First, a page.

Dad remembers that this man was the local milkman, with his horse-drawn cart, and perhaps “served my family” simply meant just that, rather than something grander.
Gran has mentioned magpies many times since the start of her journal. Today, these are such a common species almost everywhere that I wondered why they merited much interest. But Dad writes, “They were persecuted severely before the War, and after the War they gradually increased. Never in the garden – I had to go to the back of Farley Mount to see them and find their nests”.
And on November 9th, Gran makes it clear, when describing a trip to Keyhaven, probably with her brother, saying that, “Passing through Rownhams we saw several Pheasants and Magpies, – these latter have increased considerably in Hampshire in recent years”. I guess this is related to a reduction in “keepering” during the war years, a time when other persecuted birds did well.
The Keyhaven visit produced many typical winter birds of the coast but I get the impression that this habitat was relatively unfamiliar to Gran and she was excited by everything she saw, including a male snow bunting on the sea wall– a new bird to both of them. I was interested to read that they used a telescope to give good views – a useful piece of birding kit that we never had until well into the 1970s.
She ends her comments on the day as follows:
It is raining hard again as I write, but who cares after such a day of beauty. And how it makes me love England, our dear land, much of whose charm lies in its sweet variety of scenery, its numbers of wild birds, and the variety of its wild flowers. And so, in spite of present sorrow and the uncertainty of the future, today has been beautiful with poignant loveliness…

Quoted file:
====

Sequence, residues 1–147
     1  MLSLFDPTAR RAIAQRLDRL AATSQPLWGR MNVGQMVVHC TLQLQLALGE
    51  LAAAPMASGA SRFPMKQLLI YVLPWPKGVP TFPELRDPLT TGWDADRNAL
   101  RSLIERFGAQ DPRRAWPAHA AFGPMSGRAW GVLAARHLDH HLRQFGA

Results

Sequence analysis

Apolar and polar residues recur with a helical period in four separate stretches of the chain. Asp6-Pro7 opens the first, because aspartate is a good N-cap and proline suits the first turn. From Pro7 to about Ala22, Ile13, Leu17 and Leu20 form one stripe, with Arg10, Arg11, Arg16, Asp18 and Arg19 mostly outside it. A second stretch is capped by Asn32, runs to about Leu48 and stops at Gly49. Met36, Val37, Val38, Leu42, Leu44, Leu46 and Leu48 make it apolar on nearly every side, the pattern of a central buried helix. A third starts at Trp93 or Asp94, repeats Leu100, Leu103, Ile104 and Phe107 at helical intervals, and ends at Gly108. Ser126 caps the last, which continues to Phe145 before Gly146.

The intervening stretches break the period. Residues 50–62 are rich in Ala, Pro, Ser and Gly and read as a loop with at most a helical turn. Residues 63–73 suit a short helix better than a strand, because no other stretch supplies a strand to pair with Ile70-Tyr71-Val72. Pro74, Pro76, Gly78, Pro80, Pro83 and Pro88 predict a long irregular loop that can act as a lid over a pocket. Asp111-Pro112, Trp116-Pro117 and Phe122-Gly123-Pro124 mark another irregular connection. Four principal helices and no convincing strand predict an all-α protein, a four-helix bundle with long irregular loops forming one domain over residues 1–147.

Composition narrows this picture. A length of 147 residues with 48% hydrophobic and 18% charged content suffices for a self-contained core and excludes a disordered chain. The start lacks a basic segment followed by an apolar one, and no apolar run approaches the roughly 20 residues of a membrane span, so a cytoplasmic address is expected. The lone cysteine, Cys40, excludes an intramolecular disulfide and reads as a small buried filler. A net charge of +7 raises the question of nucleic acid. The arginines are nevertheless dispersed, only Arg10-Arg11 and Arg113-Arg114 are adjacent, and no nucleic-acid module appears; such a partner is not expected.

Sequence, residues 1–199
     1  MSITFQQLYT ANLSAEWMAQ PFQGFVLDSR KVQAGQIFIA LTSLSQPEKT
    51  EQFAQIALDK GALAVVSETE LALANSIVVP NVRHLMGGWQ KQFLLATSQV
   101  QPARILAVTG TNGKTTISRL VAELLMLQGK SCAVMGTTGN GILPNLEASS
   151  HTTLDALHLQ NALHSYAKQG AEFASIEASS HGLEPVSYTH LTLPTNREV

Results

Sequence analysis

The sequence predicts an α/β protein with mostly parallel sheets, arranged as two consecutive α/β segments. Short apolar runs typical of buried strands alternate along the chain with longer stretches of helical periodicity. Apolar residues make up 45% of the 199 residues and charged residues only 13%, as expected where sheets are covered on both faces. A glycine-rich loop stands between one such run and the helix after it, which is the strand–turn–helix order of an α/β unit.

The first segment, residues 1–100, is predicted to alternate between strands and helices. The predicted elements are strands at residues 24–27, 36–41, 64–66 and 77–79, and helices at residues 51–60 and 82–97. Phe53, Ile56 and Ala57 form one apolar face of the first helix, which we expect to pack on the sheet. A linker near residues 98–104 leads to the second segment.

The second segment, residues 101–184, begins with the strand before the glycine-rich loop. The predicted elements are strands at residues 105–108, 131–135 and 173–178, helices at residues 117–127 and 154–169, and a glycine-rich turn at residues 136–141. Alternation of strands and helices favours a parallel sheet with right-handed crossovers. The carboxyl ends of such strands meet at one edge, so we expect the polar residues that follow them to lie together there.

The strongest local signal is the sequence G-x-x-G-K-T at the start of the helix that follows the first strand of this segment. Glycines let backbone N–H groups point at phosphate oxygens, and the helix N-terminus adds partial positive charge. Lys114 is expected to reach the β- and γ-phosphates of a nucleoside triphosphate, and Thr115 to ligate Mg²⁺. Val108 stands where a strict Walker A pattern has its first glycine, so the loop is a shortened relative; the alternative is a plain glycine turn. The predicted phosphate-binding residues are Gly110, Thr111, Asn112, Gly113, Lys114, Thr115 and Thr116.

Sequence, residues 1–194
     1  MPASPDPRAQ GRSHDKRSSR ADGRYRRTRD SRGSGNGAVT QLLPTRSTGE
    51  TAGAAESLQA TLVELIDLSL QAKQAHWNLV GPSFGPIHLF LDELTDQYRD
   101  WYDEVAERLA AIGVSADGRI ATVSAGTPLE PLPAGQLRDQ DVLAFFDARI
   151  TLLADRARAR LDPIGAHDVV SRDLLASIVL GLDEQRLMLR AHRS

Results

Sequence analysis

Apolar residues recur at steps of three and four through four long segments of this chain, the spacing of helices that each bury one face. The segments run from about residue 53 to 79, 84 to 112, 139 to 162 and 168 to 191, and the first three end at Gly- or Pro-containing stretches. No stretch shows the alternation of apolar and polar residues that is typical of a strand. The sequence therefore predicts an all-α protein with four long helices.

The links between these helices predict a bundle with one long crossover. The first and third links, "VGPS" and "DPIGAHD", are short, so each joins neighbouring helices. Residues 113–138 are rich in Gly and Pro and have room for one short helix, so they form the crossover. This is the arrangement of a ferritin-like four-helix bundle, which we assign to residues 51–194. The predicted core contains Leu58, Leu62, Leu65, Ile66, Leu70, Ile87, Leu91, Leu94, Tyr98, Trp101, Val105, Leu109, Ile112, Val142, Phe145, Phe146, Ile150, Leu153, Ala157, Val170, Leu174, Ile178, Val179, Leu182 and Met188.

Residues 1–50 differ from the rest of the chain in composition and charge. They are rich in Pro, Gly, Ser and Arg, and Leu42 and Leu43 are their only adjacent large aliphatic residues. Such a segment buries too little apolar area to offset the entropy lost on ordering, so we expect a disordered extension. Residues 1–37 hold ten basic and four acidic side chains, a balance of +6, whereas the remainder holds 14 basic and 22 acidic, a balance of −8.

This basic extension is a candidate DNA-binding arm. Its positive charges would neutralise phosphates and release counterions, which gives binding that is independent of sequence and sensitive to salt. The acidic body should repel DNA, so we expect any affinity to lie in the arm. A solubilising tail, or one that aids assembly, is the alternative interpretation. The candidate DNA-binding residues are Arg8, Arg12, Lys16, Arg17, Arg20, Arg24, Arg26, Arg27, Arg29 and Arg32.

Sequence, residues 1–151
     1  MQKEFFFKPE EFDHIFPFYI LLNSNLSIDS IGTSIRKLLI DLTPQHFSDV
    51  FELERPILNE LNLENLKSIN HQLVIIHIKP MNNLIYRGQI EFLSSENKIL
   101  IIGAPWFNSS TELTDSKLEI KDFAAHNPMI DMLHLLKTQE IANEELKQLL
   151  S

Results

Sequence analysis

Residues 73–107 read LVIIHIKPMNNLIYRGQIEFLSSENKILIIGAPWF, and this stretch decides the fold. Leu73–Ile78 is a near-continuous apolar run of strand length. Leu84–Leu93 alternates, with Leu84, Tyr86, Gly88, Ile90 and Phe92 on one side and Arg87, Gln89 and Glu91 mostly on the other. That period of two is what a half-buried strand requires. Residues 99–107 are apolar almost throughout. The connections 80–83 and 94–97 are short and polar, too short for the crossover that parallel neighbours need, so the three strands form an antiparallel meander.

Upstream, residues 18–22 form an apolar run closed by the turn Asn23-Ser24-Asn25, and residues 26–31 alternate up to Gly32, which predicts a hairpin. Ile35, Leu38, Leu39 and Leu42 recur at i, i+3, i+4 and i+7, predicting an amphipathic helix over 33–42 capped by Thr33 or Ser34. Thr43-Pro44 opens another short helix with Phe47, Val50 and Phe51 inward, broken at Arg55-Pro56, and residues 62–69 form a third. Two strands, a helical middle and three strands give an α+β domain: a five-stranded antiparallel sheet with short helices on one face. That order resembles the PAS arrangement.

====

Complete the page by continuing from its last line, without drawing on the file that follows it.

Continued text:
Well, I agree with her views of England, in fact, the whole of Great Britain, but clearly she hadn’t considered the much greater variety of wildlife and natural beauty in many other parts of the world. Was it the war and what we were fighting for and against then that made her so emotional about “her England”? She was ferociously patriotic, and Dad tells me hilariously but with truth, that “She was like Nancy Mitford’s “Farve”: abroad is Hell and all foreigners are fiends – sheer prejudice, laced up no doubt by the War”.
November 11th brings us to the end of the second book of her journal and we still have a month and a half to go before the first year is covered! Gran writes and writes, every single day, often many pages per day. And the form of her handwriting never falters – it’s wonderfully readable, even if much of what she does write is repetitive day-to-day, and other sections leave one with many questions – which I fear will go unanswered, because they do not seem important enough for her to enlarge upon.
- Forty Years in Chandler’s Ford – a Journal (Part 1)
- Forty Years in Chandler’s Ford – a Journal (Part 2)
- Forty Years in Chandler’s Ford – a Journal (Part 3)
- Forty Years in Chandler’s Ford – a Journal (Part 4)
- Forty Years in Chandler’s Ford – a Journal (Part 5)
- Forty Years in Chandler’s Ford – a Journal (Part 6)
- Forty Years in Chandler’s Ford – a Journal (Part 7)
- Forty Years in Chandler’s Ford – a Journal (Part 8)
- Forty Years in Chandler’s Ford – a Journal (Part 9)